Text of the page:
Since both of our flights were to and from Tbilisi, I got the chance to review the train and bus services between Tbilisi and Batumi. My initial assumption was that the train service would be way inferior and the bus service would be much better but it did not work out that way…
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Georgian Railway Train from Tbilisi to Batumi
I booked my tickets directly on the Georgian Railway website, which is a little cryptic and would not accept my Citi card for payment but my Chase Sapphire Reserve transaction eventually went through.
However, I never got a booking confirmation via email or during the payment process. I called the Georgian Railway helpline a few days later and a friendly operator found the booking for me without any issues. Only our passports and reference code would be needed to board the train.
We arrived at the train station early in order to remedy any issues should there be more documents required to board but luckily there were none. Nevertheless, boarding the train would be impossible at first, as right in our assigned train section was a large group of children being sent off to Batumi by their parents. The way this works in Georgia is 50 adults and kids pushing and shoving into a train carriage, taking no prisoners.
Eventually, all the parents left, and we had the chance to find our pre-assigned seats. That proved elusive, though, as they were already taken by other passengers and luggage was all over the walkways (there is no real luggage storage area onboard).
After some time, the train attendant helped us find seats that were somewhat close to each other. The train runs at a speed of about 65 mph rather continuously, through lots of scenic landscapes; there’s many canyons, tunnels and picturesque creeks.
The train tracks are a century old but have been upgraded.
The train itself looked great; it looked like a brand new type of train that is being used in Europe for commuter rides.
It was meticulously clean and the WiFi initially worked at 10 Mbit (though it would later slow to a trickle as there were no more cell towers for a signal).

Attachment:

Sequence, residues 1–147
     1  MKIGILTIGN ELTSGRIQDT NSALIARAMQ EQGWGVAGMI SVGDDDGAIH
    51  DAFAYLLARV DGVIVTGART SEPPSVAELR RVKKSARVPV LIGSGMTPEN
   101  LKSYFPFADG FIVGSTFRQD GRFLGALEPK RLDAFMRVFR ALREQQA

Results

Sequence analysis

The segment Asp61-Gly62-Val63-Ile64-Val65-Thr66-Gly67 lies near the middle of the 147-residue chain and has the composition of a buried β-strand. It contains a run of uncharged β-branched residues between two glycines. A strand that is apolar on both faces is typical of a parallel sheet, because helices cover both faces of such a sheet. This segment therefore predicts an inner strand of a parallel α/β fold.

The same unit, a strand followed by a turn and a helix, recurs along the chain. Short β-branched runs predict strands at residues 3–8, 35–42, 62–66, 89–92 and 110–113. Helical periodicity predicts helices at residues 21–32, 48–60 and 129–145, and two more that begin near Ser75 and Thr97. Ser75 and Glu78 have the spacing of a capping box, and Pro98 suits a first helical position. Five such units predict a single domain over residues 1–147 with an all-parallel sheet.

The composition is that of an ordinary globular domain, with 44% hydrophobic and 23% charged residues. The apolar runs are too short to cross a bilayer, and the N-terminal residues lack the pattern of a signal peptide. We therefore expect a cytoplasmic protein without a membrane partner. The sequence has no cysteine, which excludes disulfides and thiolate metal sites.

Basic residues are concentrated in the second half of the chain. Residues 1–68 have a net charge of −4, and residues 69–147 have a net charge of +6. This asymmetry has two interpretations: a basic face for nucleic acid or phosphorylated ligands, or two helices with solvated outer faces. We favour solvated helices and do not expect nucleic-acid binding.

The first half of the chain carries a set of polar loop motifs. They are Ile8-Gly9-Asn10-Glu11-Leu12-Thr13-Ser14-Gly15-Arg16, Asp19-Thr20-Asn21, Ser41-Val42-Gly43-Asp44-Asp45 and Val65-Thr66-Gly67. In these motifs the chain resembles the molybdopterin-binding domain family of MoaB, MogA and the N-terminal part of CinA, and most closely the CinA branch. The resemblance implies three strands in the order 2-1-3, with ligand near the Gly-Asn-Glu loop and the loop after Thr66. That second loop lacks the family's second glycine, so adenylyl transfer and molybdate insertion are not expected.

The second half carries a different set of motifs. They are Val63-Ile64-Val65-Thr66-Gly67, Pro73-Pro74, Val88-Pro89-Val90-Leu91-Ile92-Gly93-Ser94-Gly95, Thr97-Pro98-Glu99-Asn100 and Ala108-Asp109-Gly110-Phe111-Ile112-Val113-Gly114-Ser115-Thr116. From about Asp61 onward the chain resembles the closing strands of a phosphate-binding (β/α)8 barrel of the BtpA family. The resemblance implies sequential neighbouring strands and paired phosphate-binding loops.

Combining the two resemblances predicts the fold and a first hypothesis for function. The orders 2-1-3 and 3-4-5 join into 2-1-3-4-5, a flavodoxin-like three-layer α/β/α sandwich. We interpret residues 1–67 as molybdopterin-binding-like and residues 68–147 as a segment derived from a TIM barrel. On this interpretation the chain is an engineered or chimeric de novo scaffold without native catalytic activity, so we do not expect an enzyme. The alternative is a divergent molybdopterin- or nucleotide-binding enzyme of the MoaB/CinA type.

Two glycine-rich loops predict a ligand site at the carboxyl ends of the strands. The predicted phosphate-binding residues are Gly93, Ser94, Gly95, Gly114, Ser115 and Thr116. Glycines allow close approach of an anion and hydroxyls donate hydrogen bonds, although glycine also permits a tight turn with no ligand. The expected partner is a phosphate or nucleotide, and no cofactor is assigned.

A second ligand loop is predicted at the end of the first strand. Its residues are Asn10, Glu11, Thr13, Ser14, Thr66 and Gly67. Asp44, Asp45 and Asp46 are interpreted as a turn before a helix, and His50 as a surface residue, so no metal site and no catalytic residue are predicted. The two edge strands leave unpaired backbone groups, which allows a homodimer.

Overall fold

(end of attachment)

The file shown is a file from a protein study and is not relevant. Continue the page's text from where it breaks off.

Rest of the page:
While the train was full and most passengers seemed in a party mood on this Monday morning, I just enjoyed the train ride, which took 5 hours from Tbilisi to Batumi. The brand new equipment and WiFi contributed to this, as well as the perfect AC that kept temperatures at 70 degrees despite the roasting 100 degrees outside.
Metro Georgia Bus between Batumi and Tbilisi
Metro Georgia is a Turkish venture that is the dominant bus operator in Georgia now. The company runs several daily services between the cities of Batumi and Tbilisi, matching the price for the train exactly. From my experience of taking buses in Turkey, I felt nothing could go wrong.
Batumi Bus Station is brand new and while in a less desirable neighborhood, it is an oasis of calm, unlike most other bus stations in this world. Boarding was easy; my electronic ticket receipt was enough for us to board the bus.
The bus looked like a rolling electronics shop, with tons of displays all over. However, the entertainment system had no reception (likely because we were not in Turkey) and there were no movies.
The USB chargers did not work either and the WiFi only worked for a few select passengers (it never worked for my MacBook or iPhone).
I liked that the driver was responsible and drove according to posted speed limits (not as normal as you may think) but we made 5-10 stops in almost all the villages on our drive. This can be really annoying as it added up to an hour’s delay. There was no reason given or announcement plus no driver change was performed. My deduction was that there was extra income being generated by taking passengers who run on the driver’s payroll.
The bus ride took 7 hours from Batumi to Tbilisi on mostly rather sorry roads all over Georgia.